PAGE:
CherryPy might be what you need. It transparently maps URLs onto Python functions, and handles all the cookie and session stuff (and of course the POST / GET parameters for you).

It's not a full-stack solution like Django or Rails. On the other hand, that means that it doesn't lump you with a template engine or ORM you don't like; you're free to use whatever you like.

It includes a WSGI compliant web server, so you don't even need Apache.

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This combination works for me. In combination with SQLAlchemy, you have to be a little bit careful to get the multithreading right. You can lift this code code.google.com/p/webpyte/source/browse/trunk/webpyte/… to achieve this (or directly use webpyte) –  stephan Jun 4 '09 at 9:49
    
+1 because it's not just a minimal-effort web app framework, it's also a great introduction to writing RESTful services. –  Meredith L. Patterson Aug 12 '09 at 17:00

What you're describing most resembles Pylons, it seems to me. However, the number of web frameworks in/for Python is huge -- see this page for an attempt to list and VERY briefly characterize each and every one of them!-)

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Have you looked into the Django web framework? Its an MVC framework written in python, and is relatively simple to set up and get started. You can run it with nothing but python, as it can use SQLite and its own development server, or you can set it up to use MySQL and Apache if you'd like.

Pylons is another framework that supports SQLAlchemy for models. I've never used it but it seems promising.

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1  
We've invested some amount of work into SQLAlchemy so I'd like to use that. The problem with Django is that it does support that only experimentally afaik. –  user51710 Jun 4 '09 at 6:29
1  
Edit: You can try Pylons if you would really like SQLAlchemy. –  Marquis Wang Jun 4 '09 at 7:01
    
The investment in SQL Alchemy should apply to the Django ORM without too much trouble. There's rewriting, but it's syntactic and minor. Also, you'll be able to drop some stuff when moving from SA to Django. –  S.Lott Jun 4 '09 at 9:55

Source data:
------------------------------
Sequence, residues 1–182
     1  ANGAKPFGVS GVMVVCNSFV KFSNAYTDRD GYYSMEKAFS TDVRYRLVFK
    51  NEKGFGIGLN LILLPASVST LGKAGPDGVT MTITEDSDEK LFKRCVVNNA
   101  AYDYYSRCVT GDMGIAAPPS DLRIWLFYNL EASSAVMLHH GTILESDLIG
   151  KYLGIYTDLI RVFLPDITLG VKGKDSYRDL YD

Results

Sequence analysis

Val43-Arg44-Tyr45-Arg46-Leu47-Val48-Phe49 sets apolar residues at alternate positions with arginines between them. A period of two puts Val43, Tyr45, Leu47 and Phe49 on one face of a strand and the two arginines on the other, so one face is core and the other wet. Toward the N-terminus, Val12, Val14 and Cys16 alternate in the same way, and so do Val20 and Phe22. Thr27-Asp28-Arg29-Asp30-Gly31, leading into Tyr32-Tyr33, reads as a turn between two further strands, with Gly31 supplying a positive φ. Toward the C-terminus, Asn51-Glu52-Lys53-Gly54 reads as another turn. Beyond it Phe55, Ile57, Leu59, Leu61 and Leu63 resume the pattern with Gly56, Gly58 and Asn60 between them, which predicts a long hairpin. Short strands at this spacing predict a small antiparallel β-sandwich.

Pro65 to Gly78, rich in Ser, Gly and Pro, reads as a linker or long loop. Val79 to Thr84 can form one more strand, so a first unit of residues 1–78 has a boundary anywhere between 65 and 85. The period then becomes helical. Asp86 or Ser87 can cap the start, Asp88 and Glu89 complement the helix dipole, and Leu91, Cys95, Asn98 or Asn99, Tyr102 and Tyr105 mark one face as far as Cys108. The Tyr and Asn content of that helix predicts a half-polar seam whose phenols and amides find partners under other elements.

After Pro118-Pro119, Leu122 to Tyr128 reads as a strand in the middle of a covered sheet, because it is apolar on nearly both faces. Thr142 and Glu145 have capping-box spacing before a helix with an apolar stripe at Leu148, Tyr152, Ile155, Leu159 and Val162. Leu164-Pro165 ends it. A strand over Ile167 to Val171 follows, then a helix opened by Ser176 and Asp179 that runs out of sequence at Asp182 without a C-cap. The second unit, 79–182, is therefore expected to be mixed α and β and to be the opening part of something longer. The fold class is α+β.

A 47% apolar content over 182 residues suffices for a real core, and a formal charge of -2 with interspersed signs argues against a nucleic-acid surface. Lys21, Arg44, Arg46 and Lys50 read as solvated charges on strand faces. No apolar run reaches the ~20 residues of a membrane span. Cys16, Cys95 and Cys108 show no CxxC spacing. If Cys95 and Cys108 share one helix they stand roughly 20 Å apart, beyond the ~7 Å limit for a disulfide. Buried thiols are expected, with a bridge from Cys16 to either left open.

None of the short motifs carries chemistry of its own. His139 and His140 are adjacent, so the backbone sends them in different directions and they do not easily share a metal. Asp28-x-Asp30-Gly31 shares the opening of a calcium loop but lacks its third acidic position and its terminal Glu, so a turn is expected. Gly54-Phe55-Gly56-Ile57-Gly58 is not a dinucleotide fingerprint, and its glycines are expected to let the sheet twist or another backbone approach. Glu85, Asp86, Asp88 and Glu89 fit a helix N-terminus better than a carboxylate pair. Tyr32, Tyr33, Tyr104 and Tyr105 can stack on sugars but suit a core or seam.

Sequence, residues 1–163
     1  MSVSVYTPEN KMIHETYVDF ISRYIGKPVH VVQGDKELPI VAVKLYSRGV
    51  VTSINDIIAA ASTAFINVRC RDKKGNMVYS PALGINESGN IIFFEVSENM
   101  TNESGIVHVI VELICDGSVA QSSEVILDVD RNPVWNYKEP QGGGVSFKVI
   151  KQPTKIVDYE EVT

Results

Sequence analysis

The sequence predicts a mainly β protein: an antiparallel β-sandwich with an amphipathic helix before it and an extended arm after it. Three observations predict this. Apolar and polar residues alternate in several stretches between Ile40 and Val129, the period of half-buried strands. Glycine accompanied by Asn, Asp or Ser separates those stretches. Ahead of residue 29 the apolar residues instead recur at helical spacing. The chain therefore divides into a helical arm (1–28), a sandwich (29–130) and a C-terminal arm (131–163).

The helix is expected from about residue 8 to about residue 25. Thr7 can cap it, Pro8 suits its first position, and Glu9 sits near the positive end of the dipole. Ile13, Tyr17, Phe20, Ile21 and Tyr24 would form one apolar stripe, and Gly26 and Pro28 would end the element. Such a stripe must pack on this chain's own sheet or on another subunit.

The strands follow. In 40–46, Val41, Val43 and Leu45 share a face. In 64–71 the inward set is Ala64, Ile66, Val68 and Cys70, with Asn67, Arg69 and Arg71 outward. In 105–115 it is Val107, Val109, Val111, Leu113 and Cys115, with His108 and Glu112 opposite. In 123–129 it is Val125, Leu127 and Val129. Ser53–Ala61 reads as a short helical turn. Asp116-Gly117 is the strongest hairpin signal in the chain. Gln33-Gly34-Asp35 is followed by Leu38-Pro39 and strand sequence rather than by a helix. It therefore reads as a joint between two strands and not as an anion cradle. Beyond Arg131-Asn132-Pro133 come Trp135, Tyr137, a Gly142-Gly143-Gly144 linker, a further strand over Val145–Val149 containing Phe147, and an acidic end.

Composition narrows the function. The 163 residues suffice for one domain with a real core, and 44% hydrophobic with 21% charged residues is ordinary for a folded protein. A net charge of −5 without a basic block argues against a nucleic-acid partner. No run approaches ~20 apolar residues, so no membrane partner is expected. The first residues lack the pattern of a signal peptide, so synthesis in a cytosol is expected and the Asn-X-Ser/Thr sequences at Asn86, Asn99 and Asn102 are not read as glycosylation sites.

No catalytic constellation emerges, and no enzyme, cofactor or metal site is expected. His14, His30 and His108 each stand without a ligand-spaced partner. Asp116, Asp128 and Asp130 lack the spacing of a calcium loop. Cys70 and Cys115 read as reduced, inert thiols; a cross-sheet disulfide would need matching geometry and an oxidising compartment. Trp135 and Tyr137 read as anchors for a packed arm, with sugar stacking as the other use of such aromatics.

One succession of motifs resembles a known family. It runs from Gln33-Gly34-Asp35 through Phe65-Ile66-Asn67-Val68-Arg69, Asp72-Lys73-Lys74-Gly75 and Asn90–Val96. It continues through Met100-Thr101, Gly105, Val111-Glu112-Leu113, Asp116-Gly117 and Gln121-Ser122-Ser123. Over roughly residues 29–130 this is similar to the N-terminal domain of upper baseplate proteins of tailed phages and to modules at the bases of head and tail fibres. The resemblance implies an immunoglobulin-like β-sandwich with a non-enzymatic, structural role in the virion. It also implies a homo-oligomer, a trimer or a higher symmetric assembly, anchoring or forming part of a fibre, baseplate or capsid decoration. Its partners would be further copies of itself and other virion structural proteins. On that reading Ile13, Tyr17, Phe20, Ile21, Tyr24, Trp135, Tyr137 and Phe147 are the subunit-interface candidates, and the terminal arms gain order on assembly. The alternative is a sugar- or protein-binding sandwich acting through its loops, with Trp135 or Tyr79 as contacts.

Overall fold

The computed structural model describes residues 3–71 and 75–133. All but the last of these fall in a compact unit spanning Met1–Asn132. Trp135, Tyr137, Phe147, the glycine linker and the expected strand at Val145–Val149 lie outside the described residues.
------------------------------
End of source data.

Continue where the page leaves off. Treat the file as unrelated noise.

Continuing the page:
Not so fast, S.Lott! What about compound primary keys and blobs in django? –  pihentagy Dec 17 '09 at 23:28
    
"syntactic and minor" -- I guess it depends on what you're doing with SA. What I tend to do with SA doesn't usually fall into that category. –  Gregg Lind Jun 21 '10 at 17:22

Look at:

  • WSGI, the standard Python API for HTTP servers to call Python code.
  • Django, a popular, feature-rich, well documented Python web framework
  • web.py, a minimal Python web framework
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3  
I would vote up web.py if it was in a separate comment. I don't want to vote up Django, which is not simple to deploy at all, or low barrier to entry. –  Gregg Lind Aug 12 '09 at 16:42

Don't forget Bottle. It is a single-file micro web framework with no dependencies and very easy to use. Here is an "Hello world" example:

from bottle import route, run
@route('/')
def index():
    return 'Hello World!'
run(host='localhost', port=8080)

And here an example for accessing POST variables (cookies and GET vars are similar)

from bottle import route, request
@route('/submit', method='POST')
def submit():
    name = request.POST.get('name', 'World')
    return 'Hello %s!' % name
share|improve this answer

Check out web2py. It runs out of the box with no configuration - even from a USB stick. The template language is pure Python and you can develop your entire app through the browser editor (although I find vim faster ;)